Bio-Organic Optoelectronic Devices Using DNA

Bio-Organic Optoelectronic Devices Using DNA

(Parte 1 de 5)

Adv Polym Sci DOI:10.1007/12 2009 6 c© Springer-Verlag Berlin Heidelberg 2009

Bio-Organic Optoelectronic Devices Using DNA Thokchom Birendra Singh, Niyazi Serdar Sariciftci, and James G. Grote

Abstract Biomolecular DNA, as a marine waste product from salmon processing, has been exploited as biodegradable polymeric material for photonics and electronics. For preparing high optical quality thin films of DNA, a method using DNA with cationic surfactants such as DNA–cetyltrimethylammonium,CTMA has been applied. This process enhances solubility and processing for thin film fabrication. These DNA–CTMA complexes resulted in the formation of self-assembled supramolecular films. Additionally, the molecular weight can be tailored to suit the application through sonication. It revealed that DNA–CTMA complexes were thermostable up to 230◦C. UV–VIS absorption shows that these thin films have high transparency from 350 to about 1,700nm. Due to its nature of large band gap and large dielectric constant, thin films of DNA–CTMA has been successfully used in multiple applications such as organic light emitting diodes (OLED), a cladding and host material in nonlinear optical devices, and organic field-effect transistors (OFET). Using this DNA based biopolymers as a gate dielectric layer, OFET devices were fabricated that exhibits current–voltage characteristics with low voltages as compared with using other polymer-based dielectrics. Using a thin film of DNA–CTMA based biopolymer as the gate insulator and pentacene as the organic semiconductor, we have demonstrated a bio-organicFET or BioFET in which the current was modulated over three orders of magnitude using gate voltages less than 10V. Given the possibility to functionalise the DNA film customised for specific purposes viz. biosensing, DNA–CTMA with its unique structural, optical and electronic properties results in many applications that are extremely interesting.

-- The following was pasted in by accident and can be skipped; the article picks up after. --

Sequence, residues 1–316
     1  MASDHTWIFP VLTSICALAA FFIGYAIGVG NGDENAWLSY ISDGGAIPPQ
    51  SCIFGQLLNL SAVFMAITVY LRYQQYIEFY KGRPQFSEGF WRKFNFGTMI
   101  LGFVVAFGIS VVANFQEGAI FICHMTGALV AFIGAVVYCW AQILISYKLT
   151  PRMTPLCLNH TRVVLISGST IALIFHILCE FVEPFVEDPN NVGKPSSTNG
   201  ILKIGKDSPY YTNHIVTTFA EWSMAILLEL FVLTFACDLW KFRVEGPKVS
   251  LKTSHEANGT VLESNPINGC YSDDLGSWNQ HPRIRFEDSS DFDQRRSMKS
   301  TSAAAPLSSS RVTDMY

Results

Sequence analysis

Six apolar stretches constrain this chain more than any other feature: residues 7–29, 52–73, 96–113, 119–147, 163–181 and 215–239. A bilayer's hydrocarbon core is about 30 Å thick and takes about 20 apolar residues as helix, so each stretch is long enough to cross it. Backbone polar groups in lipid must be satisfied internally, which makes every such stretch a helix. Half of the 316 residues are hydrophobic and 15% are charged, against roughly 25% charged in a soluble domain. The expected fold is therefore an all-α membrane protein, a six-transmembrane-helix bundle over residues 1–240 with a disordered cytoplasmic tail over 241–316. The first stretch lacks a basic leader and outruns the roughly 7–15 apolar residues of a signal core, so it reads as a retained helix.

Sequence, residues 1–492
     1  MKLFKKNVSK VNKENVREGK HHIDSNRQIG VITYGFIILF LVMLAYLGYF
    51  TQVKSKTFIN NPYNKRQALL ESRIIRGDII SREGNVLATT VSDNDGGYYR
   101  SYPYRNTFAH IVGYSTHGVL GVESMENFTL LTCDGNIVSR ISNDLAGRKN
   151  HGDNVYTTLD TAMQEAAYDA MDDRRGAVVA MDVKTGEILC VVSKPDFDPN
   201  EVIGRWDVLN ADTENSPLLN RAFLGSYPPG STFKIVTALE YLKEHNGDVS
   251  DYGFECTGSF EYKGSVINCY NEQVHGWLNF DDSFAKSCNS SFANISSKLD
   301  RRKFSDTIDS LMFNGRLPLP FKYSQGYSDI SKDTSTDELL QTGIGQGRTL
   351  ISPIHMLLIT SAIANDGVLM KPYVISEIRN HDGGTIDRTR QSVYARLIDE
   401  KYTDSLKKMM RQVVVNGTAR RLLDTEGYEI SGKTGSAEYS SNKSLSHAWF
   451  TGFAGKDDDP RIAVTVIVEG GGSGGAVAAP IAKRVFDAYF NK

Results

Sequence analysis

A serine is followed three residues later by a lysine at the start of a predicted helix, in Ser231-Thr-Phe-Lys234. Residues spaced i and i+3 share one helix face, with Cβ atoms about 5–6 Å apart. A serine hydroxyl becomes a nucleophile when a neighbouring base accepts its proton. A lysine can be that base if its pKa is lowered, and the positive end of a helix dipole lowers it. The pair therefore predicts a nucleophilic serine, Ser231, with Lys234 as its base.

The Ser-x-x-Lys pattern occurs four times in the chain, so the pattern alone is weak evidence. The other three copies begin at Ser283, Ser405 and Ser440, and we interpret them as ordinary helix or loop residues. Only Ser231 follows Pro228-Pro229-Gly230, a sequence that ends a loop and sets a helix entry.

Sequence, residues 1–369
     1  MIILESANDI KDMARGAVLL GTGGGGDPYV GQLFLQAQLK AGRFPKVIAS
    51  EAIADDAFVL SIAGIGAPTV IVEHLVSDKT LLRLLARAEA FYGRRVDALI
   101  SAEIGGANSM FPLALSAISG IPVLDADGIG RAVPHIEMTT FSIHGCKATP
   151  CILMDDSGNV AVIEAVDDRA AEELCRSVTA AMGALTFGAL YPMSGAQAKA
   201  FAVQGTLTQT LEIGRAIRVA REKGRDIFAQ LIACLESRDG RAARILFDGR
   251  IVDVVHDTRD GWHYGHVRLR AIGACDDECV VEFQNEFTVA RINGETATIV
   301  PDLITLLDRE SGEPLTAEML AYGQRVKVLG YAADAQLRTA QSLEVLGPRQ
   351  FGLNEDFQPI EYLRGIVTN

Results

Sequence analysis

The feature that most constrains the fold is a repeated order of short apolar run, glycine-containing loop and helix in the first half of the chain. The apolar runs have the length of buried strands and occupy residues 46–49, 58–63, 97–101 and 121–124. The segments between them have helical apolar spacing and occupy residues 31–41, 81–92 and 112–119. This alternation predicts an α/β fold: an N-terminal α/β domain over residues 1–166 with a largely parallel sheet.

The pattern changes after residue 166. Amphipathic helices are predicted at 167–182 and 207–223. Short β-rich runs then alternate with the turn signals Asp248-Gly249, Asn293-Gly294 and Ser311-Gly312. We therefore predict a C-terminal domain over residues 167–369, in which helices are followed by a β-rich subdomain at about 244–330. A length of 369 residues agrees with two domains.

T.B. Singh (B) and N.S. Sariciftci Linz Institute of Organic Solar Cells (LIOS), Institute of physical chemistry, Johannes Kepler

University, A 4040 Linz, Austria e-mail: birendra.singh@CSIRO.Au; serdar.sariciftci@jku.at

J.G. Grote Air Force Research Laboratory, Materials and Manufacturing Directorate, AFRL/MLPS, Wright-Patterson Air Force Base, OH 45433-7707, USA

T.B. Singh et al.

Keywords Bioelectric phenomena · BioFET · BioLED · Biomolecular electronics · OFET · OLED · Organic electronics · Photonic devices · Plastic electronics

Contents

1 Introduction 2 DNA–CTMA as Optoelectronic Material 3 DNA–CTMA Films in Nonlinear Optics 4 DNA–CTMA in Organic Light Emitting Diodes 5 DNA–CTMA in Organic Field Effect Transistors 6 Dielectric Spectroscopy of DNA–CTMA Thin Films 7 Transient Response of BioFETs 8 Summary and Outlook References

Abbreviations

Alq3 Tris-(8-hydroxyquinoline)aluminum BCP 2,9-Dimethyl-4,7-diphenyl-1,10-phenanthroline

BioFET Bio-organic field-effect transistors BioLED Bio-organic light emitting diodes CTMA Hexadecyltrimethylammoniumchloride EBL Electron blocking layer EIL Electron injection layer ETL Electron transport layer HBL Hole blocking layer